At only 2 years old, Stella was just a baby when she died at SeaWorld San Antonio on Friday. Veterinarians had been treating the beluga whale for signs of stomach issues, but the cause of her death has not yet been confirmed.
Stella was born in one of SeaWorld‘s miserable concrete tanks in July 2013. In the wild, belugas live together in small groups known as “pods.” They are social animals and communicate with each other using a language of clicks, whistles, and clangs. But Stella never got a chance to explore the vast ocean with her family. Instead, she was trapped in a prison and denied everything that was natural and important to her until the day she died.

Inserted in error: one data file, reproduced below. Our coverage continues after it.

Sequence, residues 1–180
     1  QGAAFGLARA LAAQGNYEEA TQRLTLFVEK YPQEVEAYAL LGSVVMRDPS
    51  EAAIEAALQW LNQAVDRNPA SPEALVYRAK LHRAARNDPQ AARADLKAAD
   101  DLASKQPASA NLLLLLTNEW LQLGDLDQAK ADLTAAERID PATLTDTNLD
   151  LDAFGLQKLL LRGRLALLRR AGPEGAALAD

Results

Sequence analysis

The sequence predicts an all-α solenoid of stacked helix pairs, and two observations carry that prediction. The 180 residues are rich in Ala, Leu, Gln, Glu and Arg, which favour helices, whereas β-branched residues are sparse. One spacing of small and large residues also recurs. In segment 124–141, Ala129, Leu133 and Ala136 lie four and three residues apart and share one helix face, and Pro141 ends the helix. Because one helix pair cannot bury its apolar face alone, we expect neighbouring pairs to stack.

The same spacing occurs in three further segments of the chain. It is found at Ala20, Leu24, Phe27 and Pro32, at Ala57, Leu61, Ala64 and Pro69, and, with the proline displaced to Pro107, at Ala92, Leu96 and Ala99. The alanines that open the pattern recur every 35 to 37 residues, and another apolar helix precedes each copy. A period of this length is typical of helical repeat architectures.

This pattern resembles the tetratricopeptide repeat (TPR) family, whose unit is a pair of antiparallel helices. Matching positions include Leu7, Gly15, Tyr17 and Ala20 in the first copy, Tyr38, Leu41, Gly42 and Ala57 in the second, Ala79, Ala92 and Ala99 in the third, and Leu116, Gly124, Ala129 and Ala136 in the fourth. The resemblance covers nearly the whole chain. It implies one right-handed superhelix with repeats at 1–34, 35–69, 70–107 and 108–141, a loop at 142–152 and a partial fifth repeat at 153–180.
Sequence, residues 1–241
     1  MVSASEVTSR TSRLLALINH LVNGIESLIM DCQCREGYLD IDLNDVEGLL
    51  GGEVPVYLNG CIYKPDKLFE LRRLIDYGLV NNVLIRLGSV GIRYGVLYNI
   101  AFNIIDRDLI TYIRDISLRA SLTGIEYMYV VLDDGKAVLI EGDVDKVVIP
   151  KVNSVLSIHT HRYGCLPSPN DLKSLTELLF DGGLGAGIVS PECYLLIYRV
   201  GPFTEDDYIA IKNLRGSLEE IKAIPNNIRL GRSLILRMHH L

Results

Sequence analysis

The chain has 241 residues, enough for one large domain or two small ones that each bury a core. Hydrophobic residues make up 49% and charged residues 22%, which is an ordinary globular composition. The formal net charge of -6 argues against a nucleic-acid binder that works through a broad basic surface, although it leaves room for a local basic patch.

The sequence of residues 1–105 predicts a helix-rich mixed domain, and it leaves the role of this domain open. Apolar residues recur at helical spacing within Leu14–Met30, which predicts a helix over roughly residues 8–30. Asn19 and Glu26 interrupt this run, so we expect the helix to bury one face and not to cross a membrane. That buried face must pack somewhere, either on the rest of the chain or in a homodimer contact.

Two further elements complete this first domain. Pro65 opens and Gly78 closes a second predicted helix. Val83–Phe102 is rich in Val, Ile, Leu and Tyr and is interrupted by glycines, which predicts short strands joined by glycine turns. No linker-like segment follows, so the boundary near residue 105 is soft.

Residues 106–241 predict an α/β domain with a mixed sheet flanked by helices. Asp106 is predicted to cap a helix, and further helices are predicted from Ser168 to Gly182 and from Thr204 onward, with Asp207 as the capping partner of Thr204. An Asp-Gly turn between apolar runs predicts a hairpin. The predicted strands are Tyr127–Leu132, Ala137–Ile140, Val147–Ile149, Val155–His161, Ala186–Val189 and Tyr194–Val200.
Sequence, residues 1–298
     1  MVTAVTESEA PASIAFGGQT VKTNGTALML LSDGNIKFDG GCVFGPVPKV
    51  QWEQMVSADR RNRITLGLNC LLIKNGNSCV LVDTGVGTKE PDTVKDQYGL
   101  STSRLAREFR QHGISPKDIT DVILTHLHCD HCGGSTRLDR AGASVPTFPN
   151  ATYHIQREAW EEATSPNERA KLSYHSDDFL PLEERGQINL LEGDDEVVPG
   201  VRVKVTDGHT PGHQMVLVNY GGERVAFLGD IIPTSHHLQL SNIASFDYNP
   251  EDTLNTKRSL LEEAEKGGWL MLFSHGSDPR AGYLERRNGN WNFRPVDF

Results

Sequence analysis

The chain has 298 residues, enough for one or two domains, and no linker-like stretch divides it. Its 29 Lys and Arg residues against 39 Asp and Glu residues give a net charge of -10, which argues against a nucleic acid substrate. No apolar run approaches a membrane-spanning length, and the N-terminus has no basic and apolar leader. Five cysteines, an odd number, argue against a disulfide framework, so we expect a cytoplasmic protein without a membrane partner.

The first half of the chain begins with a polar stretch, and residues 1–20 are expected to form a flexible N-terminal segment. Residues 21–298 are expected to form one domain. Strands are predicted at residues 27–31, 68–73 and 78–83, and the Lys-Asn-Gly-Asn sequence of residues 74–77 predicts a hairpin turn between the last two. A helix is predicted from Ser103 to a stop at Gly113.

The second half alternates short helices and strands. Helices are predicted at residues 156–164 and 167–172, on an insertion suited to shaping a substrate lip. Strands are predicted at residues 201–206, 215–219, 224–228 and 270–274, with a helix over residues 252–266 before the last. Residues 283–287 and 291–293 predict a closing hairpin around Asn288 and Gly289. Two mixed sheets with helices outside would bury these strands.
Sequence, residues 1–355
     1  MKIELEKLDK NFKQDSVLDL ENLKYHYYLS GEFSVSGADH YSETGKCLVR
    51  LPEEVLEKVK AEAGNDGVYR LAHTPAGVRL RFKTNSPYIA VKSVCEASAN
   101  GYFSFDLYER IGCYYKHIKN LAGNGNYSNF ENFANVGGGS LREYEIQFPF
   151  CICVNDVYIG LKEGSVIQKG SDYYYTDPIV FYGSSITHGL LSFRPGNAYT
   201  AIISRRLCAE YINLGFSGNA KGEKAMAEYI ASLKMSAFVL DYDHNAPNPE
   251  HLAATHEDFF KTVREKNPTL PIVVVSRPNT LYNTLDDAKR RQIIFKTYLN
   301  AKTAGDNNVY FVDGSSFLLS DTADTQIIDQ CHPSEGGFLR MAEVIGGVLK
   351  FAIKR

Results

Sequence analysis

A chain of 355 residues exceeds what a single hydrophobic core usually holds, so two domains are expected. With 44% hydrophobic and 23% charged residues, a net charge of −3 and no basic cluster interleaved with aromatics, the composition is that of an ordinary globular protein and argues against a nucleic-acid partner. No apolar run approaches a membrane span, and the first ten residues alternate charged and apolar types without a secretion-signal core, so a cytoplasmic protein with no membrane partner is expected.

Stella is not the only beluga to die prematurely in captivity—her death comes just a few months after another baby beluga died at the same SeaWorld park. In fact, at least 58 belugas have died at SeaWorld facilities, proving that belugas simply cannot be successfully bred in concrete tanks. That’s why places like SeaWorld have tried so hard to import belugas captured from the wild, as Stella’s parents were. Her mother, Crissy, and her father, Imaq, were both captured over 25 years ago from their home waters off Manitoba, Canada. Seen as nothing but products to be used for profit, both Crissy and Imaq were forced to undergo the stress of being transferred to and from different marine parks before ending up at SeaWorld San Antonio.
Like the others before her, she died far short of the 50 years that belugas can live in their natural ocean homes, and her preventable death is one of the many reasons why PETA is calling for an end to SeaWorld’s deadly beluga-breeding program.